After dinner at Mom’s, Sean headed home to get some beauty rest before the big television interview. Marky, on the other hand, hopped in the Benz and was heading for his beach pad, intending to catch some Zs as well, when he remembered that it was Sunday, and that meant poker night at the shared apartment of Tom and Shanahan, his old high school pals. Marky was already in the old neighborhood, so he skipped the freeway onramp and maneuvered into the parking lot of the Hawthorne Arms, ready for action. He walked the dank stairwell to Tom and Shanahan’s second floor pad, and held his pop-star-ness in check. He lapsed into a joke fantasy, rare but recurring, that he was not and had never been in showbiz. Sean’s bro — the tax accountant. Or Sean’s bro — the sportswriter. If only he had been too fat, early balding like their Old Man.

“Dude!” Shanahan called out. “Total surprise.”

“Yo!” Tom said, his back to them, pulling a twelve-ouncer of Olde English Malt Liquor out of the fridge. “Do I hear Marky?”

“The man arriveth!”

Marky shrugged, then sat in the breakfast nook with the five neighborhood buffoons in Old Navy duds and hand-me-downs, some sporting baseball caps on their $20 haircuts. The homies looked happy but tired. Marky feigned a “long, hard day,” too.

“What’s up, superstar?” Tom said, high-fiving.

“Dude,” Kev said, cracking a beer, “aren’t you on Kimmel tomorrow night?”

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Cain And Abel
Part One

by Daniel Weizmann

Two brothers have a hit TV comedy-variety show – and a less successful relationship. 2,271 words. Part Two. Illustration by John Donald Carlucci.

Dear Fan Club Members: They say these things don’t happen overnight. But they kinda do. The fun began at three in the afternoon in Hanger One right on the Fox Lot when 21-year-old heartthrob Marky Nash sat on the edge of the newly reconstructed stage thumbing tweets to the base on his iPhone to tell us that Season Two is coming. After a breakneck rehearsal sched, he was psyched to get back to where he belonged: the spotlight. Behind Marky sat his blond baby bro, 19-year-old Sean Nash with his feet up looking all sanguine ‘n’ shit. That’s when the Producer and the Other Producer — whose names we can never remember! — huddled with the Bros. One Producer was older, tall, skinny, full of jagged grey competence in white sneakers. The Other Producer was husky in a Dodger’s cap and Cal State t-shirt, looking like a disgruntled dirtbiker.

It was lecture time as the stage crew slid gels into the footlights and wheeled the giant behemoth TV cams into place.

“This,” the Producer said, “is our moment.”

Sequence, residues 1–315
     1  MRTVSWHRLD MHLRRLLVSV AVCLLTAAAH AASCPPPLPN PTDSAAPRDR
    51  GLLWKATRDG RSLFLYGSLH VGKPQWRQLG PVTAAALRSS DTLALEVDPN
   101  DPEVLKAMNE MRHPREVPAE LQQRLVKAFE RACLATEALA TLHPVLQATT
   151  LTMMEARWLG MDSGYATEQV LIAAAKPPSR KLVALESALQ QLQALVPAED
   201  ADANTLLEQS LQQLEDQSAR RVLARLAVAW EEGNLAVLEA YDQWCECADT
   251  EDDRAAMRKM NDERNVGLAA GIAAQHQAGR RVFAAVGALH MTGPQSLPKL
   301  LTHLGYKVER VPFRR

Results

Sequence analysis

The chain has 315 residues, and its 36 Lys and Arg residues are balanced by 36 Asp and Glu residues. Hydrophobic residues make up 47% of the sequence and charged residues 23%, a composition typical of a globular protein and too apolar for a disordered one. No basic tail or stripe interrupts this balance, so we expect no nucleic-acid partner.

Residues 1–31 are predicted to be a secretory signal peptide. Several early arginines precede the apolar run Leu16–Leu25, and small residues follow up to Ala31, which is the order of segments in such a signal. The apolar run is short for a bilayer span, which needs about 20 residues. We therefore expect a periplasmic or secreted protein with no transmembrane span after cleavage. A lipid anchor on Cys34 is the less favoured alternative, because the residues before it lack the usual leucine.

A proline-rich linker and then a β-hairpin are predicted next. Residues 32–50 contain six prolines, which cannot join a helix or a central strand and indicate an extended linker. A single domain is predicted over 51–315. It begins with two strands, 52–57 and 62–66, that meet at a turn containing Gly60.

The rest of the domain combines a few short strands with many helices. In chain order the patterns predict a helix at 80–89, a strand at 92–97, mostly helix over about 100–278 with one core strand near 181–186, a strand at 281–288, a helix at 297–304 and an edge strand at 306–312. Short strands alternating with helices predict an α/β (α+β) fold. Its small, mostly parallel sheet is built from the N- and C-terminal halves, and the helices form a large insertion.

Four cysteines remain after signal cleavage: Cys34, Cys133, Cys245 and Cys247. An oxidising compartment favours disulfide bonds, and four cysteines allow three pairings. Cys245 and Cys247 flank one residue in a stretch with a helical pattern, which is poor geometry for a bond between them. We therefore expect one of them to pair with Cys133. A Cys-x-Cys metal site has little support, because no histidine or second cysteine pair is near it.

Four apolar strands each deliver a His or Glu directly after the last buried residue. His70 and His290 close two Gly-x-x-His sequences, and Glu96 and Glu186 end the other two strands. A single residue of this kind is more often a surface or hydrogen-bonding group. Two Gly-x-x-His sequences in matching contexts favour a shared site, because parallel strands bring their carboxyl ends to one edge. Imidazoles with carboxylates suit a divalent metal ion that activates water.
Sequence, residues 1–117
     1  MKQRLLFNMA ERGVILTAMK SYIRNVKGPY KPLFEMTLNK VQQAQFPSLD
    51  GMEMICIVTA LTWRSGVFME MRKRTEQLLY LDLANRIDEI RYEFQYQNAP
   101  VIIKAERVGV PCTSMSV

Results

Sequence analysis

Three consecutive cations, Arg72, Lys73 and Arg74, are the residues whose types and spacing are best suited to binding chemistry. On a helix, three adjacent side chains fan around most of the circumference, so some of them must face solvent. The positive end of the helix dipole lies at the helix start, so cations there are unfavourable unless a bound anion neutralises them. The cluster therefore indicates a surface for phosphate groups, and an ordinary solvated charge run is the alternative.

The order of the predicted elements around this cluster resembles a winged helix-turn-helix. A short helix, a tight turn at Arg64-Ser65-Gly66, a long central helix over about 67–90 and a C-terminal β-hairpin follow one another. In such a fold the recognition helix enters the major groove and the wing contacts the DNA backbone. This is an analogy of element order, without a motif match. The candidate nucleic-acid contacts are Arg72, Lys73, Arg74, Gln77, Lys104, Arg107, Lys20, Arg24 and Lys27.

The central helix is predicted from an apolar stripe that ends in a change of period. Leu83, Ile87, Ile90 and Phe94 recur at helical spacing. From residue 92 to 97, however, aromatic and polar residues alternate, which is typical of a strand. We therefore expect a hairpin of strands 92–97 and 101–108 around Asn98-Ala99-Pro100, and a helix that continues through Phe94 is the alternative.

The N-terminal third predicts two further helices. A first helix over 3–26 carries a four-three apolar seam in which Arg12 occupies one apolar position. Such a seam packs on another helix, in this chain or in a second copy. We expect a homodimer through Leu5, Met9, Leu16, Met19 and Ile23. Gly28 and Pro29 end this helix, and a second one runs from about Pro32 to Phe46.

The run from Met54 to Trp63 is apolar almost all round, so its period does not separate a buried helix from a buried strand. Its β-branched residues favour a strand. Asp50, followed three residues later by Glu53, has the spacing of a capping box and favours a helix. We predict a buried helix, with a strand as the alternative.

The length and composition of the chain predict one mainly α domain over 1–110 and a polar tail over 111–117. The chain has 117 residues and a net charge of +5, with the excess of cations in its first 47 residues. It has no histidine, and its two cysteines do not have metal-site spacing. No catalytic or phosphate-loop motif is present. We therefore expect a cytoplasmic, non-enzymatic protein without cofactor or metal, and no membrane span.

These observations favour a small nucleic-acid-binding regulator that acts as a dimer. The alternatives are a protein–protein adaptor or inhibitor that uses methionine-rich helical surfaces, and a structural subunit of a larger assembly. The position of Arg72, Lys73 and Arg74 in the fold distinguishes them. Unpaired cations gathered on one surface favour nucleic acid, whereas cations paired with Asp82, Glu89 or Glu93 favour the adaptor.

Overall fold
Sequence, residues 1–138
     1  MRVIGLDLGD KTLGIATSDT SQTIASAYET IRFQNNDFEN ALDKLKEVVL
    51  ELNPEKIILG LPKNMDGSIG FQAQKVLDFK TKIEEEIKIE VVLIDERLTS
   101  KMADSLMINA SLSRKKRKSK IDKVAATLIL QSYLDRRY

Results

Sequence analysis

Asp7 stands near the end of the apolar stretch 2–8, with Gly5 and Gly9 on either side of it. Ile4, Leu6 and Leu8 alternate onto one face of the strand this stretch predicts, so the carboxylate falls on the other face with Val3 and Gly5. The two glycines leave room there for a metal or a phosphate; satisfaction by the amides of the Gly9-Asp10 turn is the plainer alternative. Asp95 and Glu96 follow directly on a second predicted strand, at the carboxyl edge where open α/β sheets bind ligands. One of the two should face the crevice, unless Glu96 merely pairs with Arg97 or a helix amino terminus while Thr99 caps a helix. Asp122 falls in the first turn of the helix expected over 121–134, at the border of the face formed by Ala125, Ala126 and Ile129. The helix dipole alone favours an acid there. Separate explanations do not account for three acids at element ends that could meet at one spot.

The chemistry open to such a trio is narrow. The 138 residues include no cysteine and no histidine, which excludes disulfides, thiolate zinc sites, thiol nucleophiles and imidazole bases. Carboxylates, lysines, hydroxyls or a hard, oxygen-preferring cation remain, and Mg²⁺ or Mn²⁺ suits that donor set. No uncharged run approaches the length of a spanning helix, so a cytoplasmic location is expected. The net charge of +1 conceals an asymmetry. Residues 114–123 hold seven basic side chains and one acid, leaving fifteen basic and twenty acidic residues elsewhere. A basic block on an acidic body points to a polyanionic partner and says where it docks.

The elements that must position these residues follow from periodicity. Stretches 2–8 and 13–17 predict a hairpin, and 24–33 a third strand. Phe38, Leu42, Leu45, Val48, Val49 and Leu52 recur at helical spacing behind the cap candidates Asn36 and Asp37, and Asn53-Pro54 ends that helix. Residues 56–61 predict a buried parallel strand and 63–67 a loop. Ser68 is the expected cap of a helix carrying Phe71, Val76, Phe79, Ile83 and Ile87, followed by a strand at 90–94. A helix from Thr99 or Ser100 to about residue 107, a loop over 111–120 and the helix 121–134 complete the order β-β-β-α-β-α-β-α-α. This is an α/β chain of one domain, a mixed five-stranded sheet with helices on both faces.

“And you boys have what it takes to answer the bell,” the Other Producer added.

“You are already stars,” the Producer said. “Don’t believe us? Google yourselves.”

“But Season Two is a major test,” the Other Producer said.

“For everybody,” his partner added. “Not just you guys.”

“And I don’t have to tell you we have competition,” the Other Producer said. At this, the two men paused, arms akimbo, Old Jew and Junior Jew, staring down the Nash Bros for dramatic effect.

“Meno?” Sean asked, sitting up.

The Producer said, “Meno Dalmucci’s variety dogshit debuts day after tomorrow in prime time opposite you guys.”

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Tyrannis Rex
Part Two

by Richard Natale

The screenwriter of the studio mogul’s biopic works on Act One. 2,036 words. Part One. Part Three tomorrow. Illustration by John Donald Carlucci.

Hollywood – 1969

Weak, Dave, weak. Just like your ex-wife said. Or soft, as Jules used to say. Driving out the front gate was like stepping from inside a fun-house mirror. He felt a headache coming on, the kind he used to get when he worked at Hollywood mogul Jules Azenberg’s Argot Pictures – like a nail being hammered into old plaster, making a hole twice its size and sending dust flying everywhere. He never did work for anyone remotely like Jules after leaving the movie business. Television was a completely different animal. Writers like Dave were hired for a series episode for one reason only: to fill in the intervals between commercials. There was no pretense of making art, or quality entertainment. It was called programming for a reason. The beats were all laid out; writers merely inserted new words inbetween. No one expected Dave to pour his heart and soul into a teleplay the way he had with a movie script in the vague hope that a scintilla of what he’d written actually made it to the screen intact. It never did but it never stopped screenwriters from trying. Keeping that kind of delusion going took a great deal of energy. And Dave had paid for it with big plaster cracks.

The next night, over dinner, Dave and his friend Joel Rodgers discussed Azenberg’s offer to write a warts and all biopic of Jules’ life and career.

“You said yes, I hope,” Joel said.

Dave nodded, but couldn’t conceal his unease.